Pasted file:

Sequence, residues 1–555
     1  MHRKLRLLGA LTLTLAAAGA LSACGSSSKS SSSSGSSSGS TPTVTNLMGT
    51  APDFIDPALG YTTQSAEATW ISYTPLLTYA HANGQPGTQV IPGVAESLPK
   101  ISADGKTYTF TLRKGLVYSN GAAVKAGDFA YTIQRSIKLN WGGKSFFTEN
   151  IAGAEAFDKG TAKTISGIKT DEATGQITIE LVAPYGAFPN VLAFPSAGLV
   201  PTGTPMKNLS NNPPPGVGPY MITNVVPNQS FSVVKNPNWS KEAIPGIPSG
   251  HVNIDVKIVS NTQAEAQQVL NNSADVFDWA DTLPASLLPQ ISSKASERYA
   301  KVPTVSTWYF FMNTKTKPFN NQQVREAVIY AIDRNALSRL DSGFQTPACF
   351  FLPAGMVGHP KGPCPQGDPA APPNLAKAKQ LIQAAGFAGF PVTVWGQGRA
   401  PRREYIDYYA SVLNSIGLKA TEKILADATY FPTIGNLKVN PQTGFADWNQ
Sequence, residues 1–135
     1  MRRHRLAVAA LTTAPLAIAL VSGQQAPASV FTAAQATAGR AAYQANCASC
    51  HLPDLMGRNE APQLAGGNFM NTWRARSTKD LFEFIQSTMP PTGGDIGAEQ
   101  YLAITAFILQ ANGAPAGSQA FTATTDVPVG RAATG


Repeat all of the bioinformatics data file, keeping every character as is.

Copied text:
Sequence, residues 1–555
     1  MHRKLRLLGA LTLTLAAAGA LSACGSSSKS SSSSGSSSGS TPTVTNLMGT
    51  APDFIDPALG YTTQSAEATW ISYTPLLTYA HANGQPGTQV IPGVAESLPK
   101  ISADGKTYTF TLRKGLVYSN GAAVKAGDFA YTIQRSIKLN WGGKSFFTEN
   151  IAGAEAFDKG TAKTISGIKT DEATGQITIE LVAPYGAFPN VLAFPSAGLV
   201  PTGTPMKNLS NNPPPGVGPY MITNVVPNQS FSVVKNPNWS KEAIPGIPSG
   251  HVNIDVKIVS NTQAEAQQVL NNSADVFDWA DTLPASLLPQ ISSKASERYA
   301  KVPTVSTWYF FMNTKTKPFN NQQVREAVIY AIDRNALSRL DSGFQTPACF
   351  FLPAGMVGHP KGPCPQGDPA APPNLAKAKQ LIQAAGFAGF PVTVWGQGRA
   401  PRREYIDYYA SVLNSIGLKA TEKILADATY FPTIGNLKVN PQTGFADWNQ
Sequence, residues 1–135
     1  MRRHRLAVAA LTTAPLAIAL VSGQQAPASV FTAAQATAGR AAYQANCASC
    51  HLPDLMGRNE APQLAGGNFM NTWRARSTKD LFEFIQSTMP PTGGDIGAEQ
   101  YLAITAFILQ ANGAPAGSQA FTATTDVPVG RAATG